Yes the stupid wealth almost never keep their wealth, although neither do the most brilliant wealth. But it is the stupid wealth which is most likely to try.

    I mean look at European history or most of the world’s history. Feudal monarchs that had long dynasties are very rare, but almost all post-slavery, but pre-industrial, wars were fought for basically that very reason of holding the crown within the line….

    I believe in the small “s” socialism of Durkheim. Which is that government should mind the economy, not manage it. This was once shocking. We are no longer shocked that a politician should talk about jobs. But that is the logical conclusion if one wants absolutely pure capitalism. That it is none of the government’s business whether there are any jobs, either the economy will take of it, or it won’t, but that is either up to the market in its infinite and mysterious wisdom, or up to God and his infinite and mysterious wisdom…

    I don’t believe in that degree of idealism and for that reason I am a socialist. For pragmatic reasons. Yes I would love it simple anarchism or libertarianism would fix all the problems of society, but alas ’tis not so.

    • Again one can look at Weber’s “The Protestant Ethic and the Spirit of Capitalism” and how he wonders at how the Americans with little capital went in for Capitalism and the Europeans with vast capital went in for Feudalism, on and on and on.

      But that’s what I am advocating. If you are against the English revolution and the French revolution, and think that the US should have focused on the kinds of freedoms that would have led to another Feudal state, then I don’t know what we can say…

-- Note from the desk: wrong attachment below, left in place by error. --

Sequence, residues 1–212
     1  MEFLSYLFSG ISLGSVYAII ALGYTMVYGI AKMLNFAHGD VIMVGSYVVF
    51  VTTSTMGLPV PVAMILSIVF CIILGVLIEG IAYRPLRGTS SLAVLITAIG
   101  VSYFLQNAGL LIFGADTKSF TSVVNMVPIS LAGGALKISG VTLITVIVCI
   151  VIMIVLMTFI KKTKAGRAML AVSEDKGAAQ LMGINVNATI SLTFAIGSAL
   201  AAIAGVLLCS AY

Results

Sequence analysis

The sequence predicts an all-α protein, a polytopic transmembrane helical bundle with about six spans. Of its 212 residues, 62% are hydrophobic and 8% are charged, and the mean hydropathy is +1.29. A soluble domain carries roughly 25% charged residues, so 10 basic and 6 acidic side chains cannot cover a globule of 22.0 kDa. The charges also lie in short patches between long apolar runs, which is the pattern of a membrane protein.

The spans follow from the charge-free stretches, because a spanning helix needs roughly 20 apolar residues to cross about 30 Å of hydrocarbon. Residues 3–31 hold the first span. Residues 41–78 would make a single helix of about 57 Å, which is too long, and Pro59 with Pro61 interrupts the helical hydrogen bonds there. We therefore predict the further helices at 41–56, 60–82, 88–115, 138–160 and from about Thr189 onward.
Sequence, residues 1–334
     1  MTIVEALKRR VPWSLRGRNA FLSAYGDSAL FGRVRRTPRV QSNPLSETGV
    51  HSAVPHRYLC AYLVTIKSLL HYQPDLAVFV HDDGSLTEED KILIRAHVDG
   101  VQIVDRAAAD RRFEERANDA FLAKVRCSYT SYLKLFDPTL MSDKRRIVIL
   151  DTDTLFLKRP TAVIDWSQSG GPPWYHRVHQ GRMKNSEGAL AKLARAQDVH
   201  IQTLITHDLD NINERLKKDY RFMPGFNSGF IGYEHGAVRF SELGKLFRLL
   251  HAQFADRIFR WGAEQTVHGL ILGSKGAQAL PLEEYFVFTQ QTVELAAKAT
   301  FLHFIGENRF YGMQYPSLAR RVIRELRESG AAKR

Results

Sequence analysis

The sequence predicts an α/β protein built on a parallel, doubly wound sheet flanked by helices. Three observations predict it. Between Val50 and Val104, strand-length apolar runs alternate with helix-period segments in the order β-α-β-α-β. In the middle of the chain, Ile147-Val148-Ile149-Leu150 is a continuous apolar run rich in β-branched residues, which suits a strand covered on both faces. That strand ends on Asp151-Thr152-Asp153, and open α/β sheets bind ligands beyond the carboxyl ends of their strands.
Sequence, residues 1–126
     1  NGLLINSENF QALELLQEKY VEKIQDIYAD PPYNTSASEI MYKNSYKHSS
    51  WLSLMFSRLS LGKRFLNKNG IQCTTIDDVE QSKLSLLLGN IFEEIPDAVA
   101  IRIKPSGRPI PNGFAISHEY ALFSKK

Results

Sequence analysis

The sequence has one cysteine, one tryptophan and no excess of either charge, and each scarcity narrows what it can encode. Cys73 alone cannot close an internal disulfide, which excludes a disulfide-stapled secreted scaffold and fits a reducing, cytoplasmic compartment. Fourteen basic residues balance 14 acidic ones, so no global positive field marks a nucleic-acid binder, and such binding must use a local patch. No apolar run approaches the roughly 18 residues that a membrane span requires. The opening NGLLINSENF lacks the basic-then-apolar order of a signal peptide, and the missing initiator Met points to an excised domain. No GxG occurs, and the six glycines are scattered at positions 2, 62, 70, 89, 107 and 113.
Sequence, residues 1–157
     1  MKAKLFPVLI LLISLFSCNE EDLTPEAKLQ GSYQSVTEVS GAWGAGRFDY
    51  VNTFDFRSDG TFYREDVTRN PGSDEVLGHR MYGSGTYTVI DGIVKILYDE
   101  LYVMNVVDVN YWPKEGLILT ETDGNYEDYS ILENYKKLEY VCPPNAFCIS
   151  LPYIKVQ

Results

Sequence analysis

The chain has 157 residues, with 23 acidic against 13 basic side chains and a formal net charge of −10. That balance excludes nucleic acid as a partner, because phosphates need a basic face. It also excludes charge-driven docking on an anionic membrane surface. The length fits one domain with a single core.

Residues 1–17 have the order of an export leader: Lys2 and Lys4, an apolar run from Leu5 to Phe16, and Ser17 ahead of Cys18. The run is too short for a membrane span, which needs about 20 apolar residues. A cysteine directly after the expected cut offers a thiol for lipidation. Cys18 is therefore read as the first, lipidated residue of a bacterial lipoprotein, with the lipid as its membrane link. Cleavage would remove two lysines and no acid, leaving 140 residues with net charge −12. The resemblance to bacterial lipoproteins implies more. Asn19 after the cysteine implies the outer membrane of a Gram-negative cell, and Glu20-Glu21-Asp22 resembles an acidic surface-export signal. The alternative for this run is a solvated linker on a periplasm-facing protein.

I mean the declaration of independence is clear:
      We hold these truths to be self-evident, that all men are created equal, that they are endowed by their Creator with certain unalienable Rights, that among these are Life, Liberty and the pursuit of Happiness.

      All men are created equal is a violation of the right to inherit noble title or the right to transmit the burden of slavery to one’s children. I don’t want those rights to exist. In fact I don’t want the right to enslave oneself to exist.

      • suyts says:

        bij, again, this is for a different post. But your error is easy to see here. Created equal doesn’t mean equal outcome. You assume because people may not have an inheritance that they are somehow burdened. You equate liberty with money and these are very different concepts which only get conflated when viewing these things as a socialist/communist.

        I don’t happen to want much. But, I do recognize I need to earn what I want. Heck, I need to earn what I need else I would be a burden on someone else. I’ve the freedom to be as rich as I want. I’m just not that ambitious. I’ve a little more work to do, then I’m done. The end isn’t the riches.

        • I don’t want equal outcome!!!!!!!!!!!!!!!!!!!!!!!!!!!!!!!!!!!!!!!!!!!!!!!!!!!!!!!!!!!!!!!!!!!!!!!!!!!!!!!!!!!!!!!!!!!!!!!!!!!!!

          Nor did I advocate them. I think you are reading more into what I wrote than what I intended.

          Sorry, but as a person who is kind of an overachiever, that is pretty scary, that I should be forced to achieve what is the social average today.

          It is not they that are burdened, but their parents, who must see their children struggle. So yes I wrote that wrong, it is not the right to receive the title which is wrong, but the right to bestow it on one’s children. But now I think you are splitting hairs.

          Liberty is not money. But one can not control one’s own destiny when starved of capital, because another has all the wealth, and therefore a larger than fair share of decision making power. That is not compatible with my definition of democracy.

          As Franklin said, the necessary amount of possessions that are necessary for the health, well-being and livelihood of an individual are his, but beyond that it is all society’s call.

          Most people will earn or could earn $5,000,000 present value over the course of their lives. That is reasonable, and I would say anything beyond that is fair game, if democratically willed. Maybe you can argue more, maybe you can argue less. I will be generous and say $1,000,000,000 should be enough to do what one wishes within one’s potential century on earth.